In one of the interactive exhibits at Mount Vernon, George Washington’s home in Virginia, you’re asked to flip open the doors of his “cabinet,” each of which contains a portrait of its members — Secretary of State Thomas Jefferson, Secretary of the Treasury Alexander Hamilton, Secretary of War Henry Knox and Attorney General Edmund Randolph. As I opened the drawers, I couldn’t help but think of how one 19th century journalist crystallized America as “a nation created by geniuses to be run by idiots.”
Those words are as true today as they were two centuries ago, maybe even truer. You wonder what Washington and Hamilton would’ve thought of the current stock market rollercoaster ride — which was in part created by Wall Street naiveté, otherwise known as greed; President Donald J. Trumpet’s narcissism; and Secretary of the Treasury Steve “Moochin’” Mnuchin toadying up to his boss.
At first it appeared that Wall Street and Donnie Two Scoops —native New Yorkers — would enjoy a symbiotic relationship. Hair Furor would deregulate and cut taxes and the Street would make oodles of money for the Donald and his — well, friends would be too strong a word, but you get the idea. As Megan McArdle wrote in The Washington Post Dec. 26, the Street was willing to trade the possibility of tariffs and immigration reform for the reality of lower taxes in the hopes that the tariffs and reform would never happen. It was a dance with the devil, and we all know how that ends. One day, the Street woke up and realized, “OMG, Donald Trump is president of the United States.” That was a bad day that has been followed by many bad days.
Because a narcissist can never be wrong and thus always needs a fresh whipping boy and sycophant, an infuriated Trump — who had identified strongly with the market’s rise last year — fired up Twitter to berate Federal Reserve Chairman Jerome H. Powell and then directed Mnuchin to rally the troops. So Mnooch — on a golf vacation in Mexico — called up the heads of the six largest banks. Question: Why is an administration that has always shown disdain for Mexico always in Mexico?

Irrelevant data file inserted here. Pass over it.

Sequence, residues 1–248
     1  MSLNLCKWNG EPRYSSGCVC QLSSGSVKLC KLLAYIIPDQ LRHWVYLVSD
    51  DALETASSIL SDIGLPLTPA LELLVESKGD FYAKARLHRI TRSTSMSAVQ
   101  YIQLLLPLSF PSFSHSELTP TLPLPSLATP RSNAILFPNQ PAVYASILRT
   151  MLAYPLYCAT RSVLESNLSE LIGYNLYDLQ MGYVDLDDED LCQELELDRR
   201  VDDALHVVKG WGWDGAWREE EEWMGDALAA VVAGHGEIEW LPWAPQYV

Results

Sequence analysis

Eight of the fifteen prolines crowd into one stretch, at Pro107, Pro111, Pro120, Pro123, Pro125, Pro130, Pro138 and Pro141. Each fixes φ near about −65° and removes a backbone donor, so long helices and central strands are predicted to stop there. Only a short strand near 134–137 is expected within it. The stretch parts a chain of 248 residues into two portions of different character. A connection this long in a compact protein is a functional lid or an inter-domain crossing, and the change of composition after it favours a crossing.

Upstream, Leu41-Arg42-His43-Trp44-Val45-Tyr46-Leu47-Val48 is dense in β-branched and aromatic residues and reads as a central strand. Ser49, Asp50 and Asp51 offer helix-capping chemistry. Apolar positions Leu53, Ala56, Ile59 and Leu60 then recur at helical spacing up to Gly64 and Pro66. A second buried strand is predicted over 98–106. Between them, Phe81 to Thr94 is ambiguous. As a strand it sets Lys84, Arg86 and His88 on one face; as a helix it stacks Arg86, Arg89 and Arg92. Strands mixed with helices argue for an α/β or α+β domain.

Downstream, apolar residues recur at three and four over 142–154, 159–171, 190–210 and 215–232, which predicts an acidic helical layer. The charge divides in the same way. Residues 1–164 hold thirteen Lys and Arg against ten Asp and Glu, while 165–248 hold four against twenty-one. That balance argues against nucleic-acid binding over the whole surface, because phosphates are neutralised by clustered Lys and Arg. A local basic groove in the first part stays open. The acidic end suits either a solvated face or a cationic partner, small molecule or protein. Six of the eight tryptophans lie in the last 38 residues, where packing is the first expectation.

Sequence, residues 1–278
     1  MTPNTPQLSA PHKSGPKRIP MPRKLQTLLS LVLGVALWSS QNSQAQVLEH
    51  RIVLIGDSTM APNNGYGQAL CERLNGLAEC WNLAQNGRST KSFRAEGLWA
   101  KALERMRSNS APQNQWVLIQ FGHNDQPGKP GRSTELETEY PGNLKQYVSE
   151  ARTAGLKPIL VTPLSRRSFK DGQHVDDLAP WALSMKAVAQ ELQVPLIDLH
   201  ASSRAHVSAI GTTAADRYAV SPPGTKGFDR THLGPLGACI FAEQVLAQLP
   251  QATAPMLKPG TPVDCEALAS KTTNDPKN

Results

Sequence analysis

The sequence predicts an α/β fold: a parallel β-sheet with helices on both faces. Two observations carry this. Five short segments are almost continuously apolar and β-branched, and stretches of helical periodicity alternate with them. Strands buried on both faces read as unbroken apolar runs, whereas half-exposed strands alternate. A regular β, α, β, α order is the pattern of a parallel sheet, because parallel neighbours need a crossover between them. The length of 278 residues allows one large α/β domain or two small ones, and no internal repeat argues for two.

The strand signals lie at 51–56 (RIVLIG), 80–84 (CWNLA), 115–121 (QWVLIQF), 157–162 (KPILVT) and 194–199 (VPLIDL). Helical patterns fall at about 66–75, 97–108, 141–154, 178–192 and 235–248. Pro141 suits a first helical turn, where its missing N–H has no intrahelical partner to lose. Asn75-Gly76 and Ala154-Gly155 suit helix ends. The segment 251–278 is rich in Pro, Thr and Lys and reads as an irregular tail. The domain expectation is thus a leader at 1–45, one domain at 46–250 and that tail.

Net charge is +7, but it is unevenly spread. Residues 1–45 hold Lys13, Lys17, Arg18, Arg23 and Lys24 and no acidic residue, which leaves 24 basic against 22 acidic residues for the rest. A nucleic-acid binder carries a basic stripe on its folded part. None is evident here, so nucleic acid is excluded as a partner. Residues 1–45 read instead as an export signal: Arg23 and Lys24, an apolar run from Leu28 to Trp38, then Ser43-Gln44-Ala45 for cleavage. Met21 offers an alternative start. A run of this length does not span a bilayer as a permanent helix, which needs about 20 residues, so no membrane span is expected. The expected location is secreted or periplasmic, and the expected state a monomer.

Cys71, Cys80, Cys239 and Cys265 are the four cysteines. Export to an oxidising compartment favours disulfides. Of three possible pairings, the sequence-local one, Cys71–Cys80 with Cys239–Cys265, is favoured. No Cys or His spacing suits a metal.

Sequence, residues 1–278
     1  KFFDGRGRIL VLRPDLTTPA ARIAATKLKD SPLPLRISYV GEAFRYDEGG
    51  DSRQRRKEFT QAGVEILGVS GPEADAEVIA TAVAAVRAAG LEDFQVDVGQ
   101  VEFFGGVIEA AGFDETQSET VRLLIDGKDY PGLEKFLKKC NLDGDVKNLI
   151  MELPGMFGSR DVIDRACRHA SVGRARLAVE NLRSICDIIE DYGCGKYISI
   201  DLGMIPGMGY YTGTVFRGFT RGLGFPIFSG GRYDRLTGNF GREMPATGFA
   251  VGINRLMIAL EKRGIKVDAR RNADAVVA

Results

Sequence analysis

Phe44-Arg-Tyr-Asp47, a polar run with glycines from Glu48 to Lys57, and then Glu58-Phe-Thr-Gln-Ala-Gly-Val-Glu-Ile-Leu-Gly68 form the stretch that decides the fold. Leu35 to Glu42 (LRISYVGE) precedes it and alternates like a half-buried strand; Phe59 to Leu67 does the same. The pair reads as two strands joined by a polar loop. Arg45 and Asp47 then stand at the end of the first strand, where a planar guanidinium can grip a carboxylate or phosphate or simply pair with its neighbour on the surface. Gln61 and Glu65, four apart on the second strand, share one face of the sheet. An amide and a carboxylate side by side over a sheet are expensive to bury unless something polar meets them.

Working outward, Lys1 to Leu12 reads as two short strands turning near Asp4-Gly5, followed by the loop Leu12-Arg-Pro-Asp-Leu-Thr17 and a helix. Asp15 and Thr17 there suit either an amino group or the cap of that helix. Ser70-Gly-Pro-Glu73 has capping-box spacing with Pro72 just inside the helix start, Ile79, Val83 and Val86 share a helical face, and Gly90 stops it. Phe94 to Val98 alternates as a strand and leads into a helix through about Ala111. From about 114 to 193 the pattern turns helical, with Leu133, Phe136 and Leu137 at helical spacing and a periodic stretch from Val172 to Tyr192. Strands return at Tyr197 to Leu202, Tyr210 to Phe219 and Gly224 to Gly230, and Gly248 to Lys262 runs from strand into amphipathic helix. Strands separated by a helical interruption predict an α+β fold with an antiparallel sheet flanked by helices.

But we digress. I’m sure JP Morgan Chase’s Jaime Dimon was spending Christmas thinking, “Gee, I wonder when Steve’s going to call?”
Instead of reassuring the markets, all Moochin’ did was imply there was something wrong with the banks — shades of the Great Recession — when nothing could be further from the truth. As Catherine Rampell wrote in the same edition of The Post, “The whole episode was like going to your doctor for a heart attack and being told not to worry, because he knows how to treat brain cancer.”
Back at Mount Vernon, I was struck by the calm, the security, the sheer rationality of Washington’s words and actions. Rationality has become a dirty word. Now it’s all about going with your gut and telling it like it is, code for a completely unfiltered life. But all that’s done is created a market, a populace and a nervous system that bounces around like a knuckleball. Will incoming Speaker of the House Nancy Pelosi and the Dems make a difference? It’s hard to imagine they’re going to take holding government workers hostage to get more money for a wall on the southern border lying down.
When it comes to the Street, however, Washington doesn’t call the shots. The Founding Fathers made sure of that when they established separate financial and political capitals. Trump is learning that he can’t control the Street anymore than the Street can control him.